‘By 2020, there will be 50 billion devices connected to the Internet. How will you and your organization capitalize on this tremendous opportunity?
While the promise of the Internet of Things (IoT) brings many new business prospects, it also presents significant challenges ranging from technology architectural choices to security concerns. MIT Professional Education’s new Internet of Things: Roadmap to the Connected World course offers important insights on how to overcome these challenges and thrive in this exciting space.’
I’m in the second week of the ‘MITProfessionalX: IOTx Internet of Things: Roadmap to a Connected World’ course. In the first week Sanjay Sarma introduced the Internet of Things (IoT) in a very broad sense and posed some interesting questions that are being discussed by the course participants of which there are over 500 from all corners of the World. This week the course began to detail IoT Architectures:
The Architecture of IoT (Sanjay Sarma)
- RFID Story
- Opportunities for IoT
- Some interesting IoT projects
- Architecture of IoT
The Web of Things (Tim Berners-Lee)
- Linked data- value is greatest when linked
- Enterprise data – shared v. public v. private
- Importance of security, privacy and authenticity
- Web of Things layer – driver for IOT systems
Lessons from the Internet (David Clark)
- Is the Internet the right technology to hook together a network of things?
- The key lessons that our experience with the Internet teaches us about a future of things.
- A focus on network management, security, mobility and longevity.
- The desirable features of a distributed architecture for a system of things.
RFID Deep Dive (Sanjay Sarma)
- Case Study – RFID
As can you can see, MIT faculty leaders are at the forefront of the IoT space and are instructors on the course. Professors Sanjay Sarma, co-chair of the MIT Auto-ID Labs, Sir Tim Berners-Lee, inventor of the World Wide Web and founder of the World Wide Web Consortium (W3C) and David Clark, senior research scientist, MIT Computer Science and Artificial Intelligence Laboratory gave their lectures via a pre-taped video. Synchronized video transcripts and a compiled transcript of all course lectures are available to participants as well as PDF presentation slides. The videos are not available for download. Assessments are taken to reinforce key learning concepts presented in each module, short case studies and focused readings, discussion forums for participants to address thought-provoking questions posed by MIT faculty and a community Wiki for accessing additional resources, suggested readings, and related links all add to the online learning experience. There are also social networking groups on facebook and LinkedIn. I have to admit, however, that the MIT edx platform is a little basic. Discussion threads cannot be followed by latest comment, for example, which makes them hard to follow. Following other participants isn’t possible and the training admins seem a little overwhelmed by the amount of conversations taking place. Overall though, the course has been really interesting so far.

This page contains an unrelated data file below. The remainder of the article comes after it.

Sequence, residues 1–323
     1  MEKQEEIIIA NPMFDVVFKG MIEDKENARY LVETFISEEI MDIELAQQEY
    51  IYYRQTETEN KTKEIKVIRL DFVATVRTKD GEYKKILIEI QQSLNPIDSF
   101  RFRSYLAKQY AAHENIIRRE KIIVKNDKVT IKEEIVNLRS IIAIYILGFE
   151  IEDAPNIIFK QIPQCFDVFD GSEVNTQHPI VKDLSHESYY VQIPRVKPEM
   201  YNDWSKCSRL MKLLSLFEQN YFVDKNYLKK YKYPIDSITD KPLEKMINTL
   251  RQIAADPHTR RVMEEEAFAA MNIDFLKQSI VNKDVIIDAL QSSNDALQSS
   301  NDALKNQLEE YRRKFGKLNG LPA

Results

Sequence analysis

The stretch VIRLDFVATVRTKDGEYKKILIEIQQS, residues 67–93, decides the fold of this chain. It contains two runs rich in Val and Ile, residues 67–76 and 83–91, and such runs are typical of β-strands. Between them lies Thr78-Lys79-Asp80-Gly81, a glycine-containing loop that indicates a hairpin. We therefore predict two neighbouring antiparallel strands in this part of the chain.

I think Sir Tim summed the situation up very well in terms of the challenges and opportunities companies face.
‘So the Internet of things is a wave, which is coming, and it is going to be very valuable. And it will be much more valuable to the people and companies who have figured out how to use it in advance, who have made standards, who are prepared to cope with the massive diversity and different sorts of information about a given thing, companies who learned to link together things of very, very different types, and create meaningful information. Companies who’ve, from this diversity, managed to make a consistent view of what’s going on and have then designed things which will react to it in a timely fashion and produce the right actions.
The web of things is about building standards that help a company, help an organization, help a computer, step back, look at everything that’s going on, and understand it, and build these complex systems by doing integration across all that diversity, all that complexity, and all those feedback systems at different speeds. It’s exciting that in a way we have the opportunity, perhaps a little bit because of this hype cycle, while everybody in the media are talking about the hype, about how exciting it’s going to be. Meanwhile, those of us who are building serious systems have a chance to talk to our partners, pick who we’re going to discuss, and build systems which will solve these massive issues which we will be faced with of diversity, of the data under linking. So, exciting? Yes, but we have work to do.’
Next week the course moves on to technologies, specifically: Network Connectivity for IoT, Data Processing and Storage, and Localization.